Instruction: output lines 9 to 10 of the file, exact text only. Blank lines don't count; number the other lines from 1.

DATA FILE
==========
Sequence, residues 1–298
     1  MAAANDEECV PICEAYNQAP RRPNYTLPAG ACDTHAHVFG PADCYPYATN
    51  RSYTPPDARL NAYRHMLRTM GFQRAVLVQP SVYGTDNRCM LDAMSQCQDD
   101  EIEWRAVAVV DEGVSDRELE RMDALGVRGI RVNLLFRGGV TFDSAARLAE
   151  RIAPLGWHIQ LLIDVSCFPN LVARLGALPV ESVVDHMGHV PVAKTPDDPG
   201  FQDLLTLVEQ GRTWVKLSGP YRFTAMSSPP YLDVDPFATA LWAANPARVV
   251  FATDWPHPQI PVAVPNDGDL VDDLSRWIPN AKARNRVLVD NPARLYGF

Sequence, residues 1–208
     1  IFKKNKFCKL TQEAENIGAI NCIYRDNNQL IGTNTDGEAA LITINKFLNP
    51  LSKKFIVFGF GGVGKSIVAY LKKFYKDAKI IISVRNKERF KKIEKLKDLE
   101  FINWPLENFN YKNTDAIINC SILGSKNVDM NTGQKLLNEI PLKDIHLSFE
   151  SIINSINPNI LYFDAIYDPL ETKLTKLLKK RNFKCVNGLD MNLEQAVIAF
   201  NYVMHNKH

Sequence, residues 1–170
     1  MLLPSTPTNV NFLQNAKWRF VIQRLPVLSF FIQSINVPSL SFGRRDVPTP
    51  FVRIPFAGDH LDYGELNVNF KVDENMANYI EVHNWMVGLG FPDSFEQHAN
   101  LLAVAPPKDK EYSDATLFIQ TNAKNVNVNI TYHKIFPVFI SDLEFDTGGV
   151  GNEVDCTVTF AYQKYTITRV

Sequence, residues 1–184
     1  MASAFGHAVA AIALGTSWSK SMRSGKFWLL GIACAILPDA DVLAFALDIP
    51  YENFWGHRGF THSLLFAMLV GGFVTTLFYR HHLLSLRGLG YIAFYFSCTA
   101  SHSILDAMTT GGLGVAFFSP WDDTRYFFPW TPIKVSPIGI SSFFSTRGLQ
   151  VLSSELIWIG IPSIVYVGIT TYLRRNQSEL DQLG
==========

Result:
     1  IFKKNKFCKL TQEAENIGAI NCIYRDNNQL IGTNTDGEAA LITINKFLNP
    51  LSKKFIVFGF GGVGKSIVAY LKKFYKDAKI IISVRNKERF KKIEKLKDLE